How do we know the brain flips images projected on the retina back around?

Why do we turn images upside down again rather than dealing with them directly, still vertically rotated after passing through our lens?

I don't see how that would cause any problems, and how we'd ever be able to figure out if we are presented with flipped images after getting used to interacting based on visual input, whether flipped or not.

What am I missing?

The basis of this question is a common misconception, and unfortunately the accepted answer by @CHM is also based on this common misconception. The misconception is based on the homunculus falacy: the tendency for people to think that the image that lands on the retina is somehow 'assembled' and presented for something (the 'consciousness') to view. This is not the case.

As the comment by @mgkrebbs explains, there is no orientation (up or down) in the brain, there is only neural firing. The information of the visual scene is distributed over the brain, and information does not have physical properties like orientation. Although as @nico pointed out the neurons that process the information do have a spatial structure that mimics that of the retina, this is a topological property (i.e. stimuli that are close on the retina are processes by neurons that are close in V1) and such a topological property does not induce an orientation.

The root of the problem is really that the question "How do we know the brain flips images projected on the retina back around?" is a pseudo-question. Although it is grammatically well-formed, it makes no semantic sense. When the image is 'in the' (i.e. being processed by the) brain it no longer has physical properties like orientation. Thus you cannot ask if it has been flipped or not.

I think you're oversimplifying the problem. Think about gravitation.

Take this informal example: at any point on a massive sphere, you can define "bottom" such that any massive object with weight less than that of the sphere is subject to an attractive force towards that point. The direction of the force points in the direction of the "bottom".

Assuming this holds true for every massive object, the following is logical: for the purpose of orientation, it is a lot more energy efficient for an organism to simply invert the image using brain circuitry than invert every single sensory input to effectively reverse the definition of "bottom", which follows from physical laws to which the organism is invariably bound.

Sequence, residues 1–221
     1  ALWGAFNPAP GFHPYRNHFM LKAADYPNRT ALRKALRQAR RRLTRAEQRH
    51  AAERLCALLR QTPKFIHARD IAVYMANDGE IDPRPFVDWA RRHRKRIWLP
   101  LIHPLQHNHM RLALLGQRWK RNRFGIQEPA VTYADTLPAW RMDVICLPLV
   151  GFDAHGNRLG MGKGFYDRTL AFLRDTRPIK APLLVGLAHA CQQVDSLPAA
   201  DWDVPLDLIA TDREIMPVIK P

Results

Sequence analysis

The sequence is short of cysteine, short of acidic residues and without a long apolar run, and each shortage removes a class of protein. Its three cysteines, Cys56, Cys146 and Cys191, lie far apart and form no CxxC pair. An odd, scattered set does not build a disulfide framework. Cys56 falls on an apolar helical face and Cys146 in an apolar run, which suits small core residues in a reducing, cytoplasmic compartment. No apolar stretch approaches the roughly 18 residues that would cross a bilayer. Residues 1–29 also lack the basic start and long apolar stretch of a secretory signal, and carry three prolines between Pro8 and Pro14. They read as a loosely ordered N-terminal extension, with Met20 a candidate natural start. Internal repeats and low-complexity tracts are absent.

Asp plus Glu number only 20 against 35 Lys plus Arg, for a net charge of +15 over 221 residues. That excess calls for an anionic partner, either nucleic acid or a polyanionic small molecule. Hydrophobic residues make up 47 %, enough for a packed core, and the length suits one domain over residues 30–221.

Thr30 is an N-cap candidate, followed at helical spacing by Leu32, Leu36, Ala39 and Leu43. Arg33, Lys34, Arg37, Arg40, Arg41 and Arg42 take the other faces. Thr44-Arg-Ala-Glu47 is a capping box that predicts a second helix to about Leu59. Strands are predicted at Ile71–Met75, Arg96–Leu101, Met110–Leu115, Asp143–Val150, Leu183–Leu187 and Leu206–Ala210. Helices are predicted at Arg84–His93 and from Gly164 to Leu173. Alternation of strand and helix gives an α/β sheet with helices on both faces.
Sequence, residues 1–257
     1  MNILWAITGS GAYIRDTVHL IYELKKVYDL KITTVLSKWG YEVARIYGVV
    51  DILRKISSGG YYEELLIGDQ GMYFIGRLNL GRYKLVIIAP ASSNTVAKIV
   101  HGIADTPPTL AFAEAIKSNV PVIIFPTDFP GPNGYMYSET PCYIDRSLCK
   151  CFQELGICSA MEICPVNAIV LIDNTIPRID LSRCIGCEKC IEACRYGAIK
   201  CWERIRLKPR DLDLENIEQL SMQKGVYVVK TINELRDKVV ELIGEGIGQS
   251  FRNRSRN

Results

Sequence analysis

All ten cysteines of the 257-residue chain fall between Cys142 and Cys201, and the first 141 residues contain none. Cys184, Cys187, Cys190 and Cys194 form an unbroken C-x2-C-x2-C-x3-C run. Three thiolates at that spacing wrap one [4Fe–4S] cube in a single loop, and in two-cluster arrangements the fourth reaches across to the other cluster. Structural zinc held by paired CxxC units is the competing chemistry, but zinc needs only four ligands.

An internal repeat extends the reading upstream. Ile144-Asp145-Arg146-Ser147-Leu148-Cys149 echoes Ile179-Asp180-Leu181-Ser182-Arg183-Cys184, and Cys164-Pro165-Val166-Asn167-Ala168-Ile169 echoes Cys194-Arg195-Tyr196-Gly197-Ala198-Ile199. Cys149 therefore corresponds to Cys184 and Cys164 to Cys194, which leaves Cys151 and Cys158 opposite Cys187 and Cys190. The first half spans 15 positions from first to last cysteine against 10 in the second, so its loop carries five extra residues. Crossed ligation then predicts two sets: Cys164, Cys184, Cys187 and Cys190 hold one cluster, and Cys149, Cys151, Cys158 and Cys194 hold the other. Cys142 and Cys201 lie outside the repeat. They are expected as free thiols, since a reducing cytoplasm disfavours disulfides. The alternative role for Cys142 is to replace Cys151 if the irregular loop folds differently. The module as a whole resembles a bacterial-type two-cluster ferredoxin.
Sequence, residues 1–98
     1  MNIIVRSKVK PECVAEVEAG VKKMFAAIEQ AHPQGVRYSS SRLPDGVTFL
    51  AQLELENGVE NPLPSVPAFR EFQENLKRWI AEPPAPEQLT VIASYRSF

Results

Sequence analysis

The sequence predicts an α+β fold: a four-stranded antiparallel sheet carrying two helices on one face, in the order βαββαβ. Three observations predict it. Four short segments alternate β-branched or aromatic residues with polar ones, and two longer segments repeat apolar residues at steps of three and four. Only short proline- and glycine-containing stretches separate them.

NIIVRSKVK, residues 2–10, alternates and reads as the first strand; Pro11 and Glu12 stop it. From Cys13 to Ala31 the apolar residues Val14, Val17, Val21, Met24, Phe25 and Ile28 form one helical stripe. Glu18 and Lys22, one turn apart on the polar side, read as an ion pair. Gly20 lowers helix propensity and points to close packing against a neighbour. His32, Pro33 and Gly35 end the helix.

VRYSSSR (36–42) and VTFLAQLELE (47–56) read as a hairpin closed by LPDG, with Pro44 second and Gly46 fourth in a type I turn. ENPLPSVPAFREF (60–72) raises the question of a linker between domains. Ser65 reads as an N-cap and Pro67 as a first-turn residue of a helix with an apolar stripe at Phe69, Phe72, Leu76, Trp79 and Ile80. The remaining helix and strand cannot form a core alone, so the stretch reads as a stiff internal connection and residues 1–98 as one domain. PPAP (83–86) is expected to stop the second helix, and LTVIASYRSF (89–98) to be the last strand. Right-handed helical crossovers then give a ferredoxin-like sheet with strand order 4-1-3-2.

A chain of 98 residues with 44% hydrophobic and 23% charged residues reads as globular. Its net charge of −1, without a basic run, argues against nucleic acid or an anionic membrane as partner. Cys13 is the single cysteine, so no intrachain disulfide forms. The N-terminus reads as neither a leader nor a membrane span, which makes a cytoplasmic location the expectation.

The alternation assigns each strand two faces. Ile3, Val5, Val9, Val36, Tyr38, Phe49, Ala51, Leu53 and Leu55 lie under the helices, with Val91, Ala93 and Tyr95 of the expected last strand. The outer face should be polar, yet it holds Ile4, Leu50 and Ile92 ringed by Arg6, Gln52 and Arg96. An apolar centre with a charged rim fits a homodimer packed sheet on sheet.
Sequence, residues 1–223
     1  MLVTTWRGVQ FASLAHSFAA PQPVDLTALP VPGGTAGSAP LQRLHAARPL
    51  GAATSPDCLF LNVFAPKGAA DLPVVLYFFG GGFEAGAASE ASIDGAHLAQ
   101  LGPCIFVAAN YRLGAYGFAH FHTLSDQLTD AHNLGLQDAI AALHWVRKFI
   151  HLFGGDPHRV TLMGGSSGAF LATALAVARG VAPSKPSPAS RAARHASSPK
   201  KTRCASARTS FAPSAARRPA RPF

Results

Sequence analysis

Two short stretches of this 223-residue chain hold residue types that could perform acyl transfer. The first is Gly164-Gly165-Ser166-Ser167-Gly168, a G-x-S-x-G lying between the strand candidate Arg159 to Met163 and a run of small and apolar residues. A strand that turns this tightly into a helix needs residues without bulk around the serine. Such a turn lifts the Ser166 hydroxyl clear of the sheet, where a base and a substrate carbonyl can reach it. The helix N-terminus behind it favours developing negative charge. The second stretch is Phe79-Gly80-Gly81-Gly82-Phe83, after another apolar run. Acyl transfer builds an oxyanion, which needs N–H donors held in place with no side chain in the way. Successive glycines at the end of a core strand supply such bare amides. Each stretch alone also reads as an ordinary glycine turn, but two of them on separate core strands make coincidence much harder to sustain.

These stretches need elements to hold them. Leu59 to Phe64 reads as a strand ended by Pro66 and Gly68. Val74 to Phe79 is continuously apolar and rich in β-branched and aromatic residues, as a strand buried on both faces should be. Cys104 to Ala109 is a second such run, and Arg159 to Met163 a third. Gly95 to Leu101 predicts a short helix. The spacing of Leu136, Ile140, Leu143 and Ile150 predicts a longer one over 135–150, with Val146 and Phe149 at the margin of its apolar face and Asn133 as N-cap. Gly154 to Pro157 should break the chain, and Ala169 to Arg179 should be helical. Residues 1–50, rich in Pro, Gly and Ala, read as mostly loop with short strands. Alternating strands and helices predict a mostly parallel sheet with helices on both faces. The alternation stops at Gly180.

My answer was initially posted in response to this duplicate question. Since this post was made earlier, the question I answered will likely be closed as a duplicate. I think my answer has something useful to add, so I've added it here, with a little more discussion in response to the other answers:

How do we know the brain flips images projected on the retina back around?

You examine your own visual sense and, possibly, if you're examining patients on a neurology ward, examine theirs as well. Here @CHM's answer is on point, as our sense of gravity (through the vestibular system) is one of the senses integrated into our ability to visually perceive up as up and down as down. It also reflects the confusion expressed by a particular patient with Reversal of Vision Metamorphopsia (see below) when an upside down cup of tea didn't spill out. This doesn't require anyone to invoke a little man watching a video projected somewhere in the occipital lobe. You just ask yourself (and the stroke patient) to describe the world around them. If it's upside down, if people seem to be standing on their heads, you present them with a series of letters with a different orientation and ask them to identify the normal (right side up) letters.

Here is the bulk of my answer to the earlier question, which describes the various inputs the brain integrates in order to produce a visual perception of a right side up (and left-side left) world.

Your retina is presented with an inverted image, but a healthy brain (re)orients the image. I would note that you can talk about the image an individual perceives without invoking a video playing in the brain.

The spatial orientation of a perceived image is a complex process that seems to involve integration of information about the relative position of objects from the light perceived by the retina, about the position of the eyes from the muscles of the eyes, and about the position of the head from the vestibular system and muscles of the neck. It may or may not involve other body position information from the cerebellum and proprioceptive cortex.

As with much of our knowledge about the localization of function in the human brain, the evidence for the importance of these various streams of information comes from cases with lesions at a number of different locations that produce brief disruption of the integration of this information, a syndrome called Reversal of Vision Metamorphopsia.

For one patient:

He saw people walking on their heads, and the floor next to his bed appeared to be over his head

For another:

People were seen walking on their heads, the windows close to the ceiling were within reach of his hands, and a cup stood "upside down" on the shelf but the "tea did not spill out" (all the objects including the shelf were upside down).

Typically this (Reversal of Vision Metamorphopsia) is the perception of a completely inverted image as in C above (left becomes right, up becomes down), but other reversals have been reported (A, D, and E above).

Watch the video: Brain u0026 amygdala hand model explains how thoughts u0026 emotions fuel anxiety (January 2022).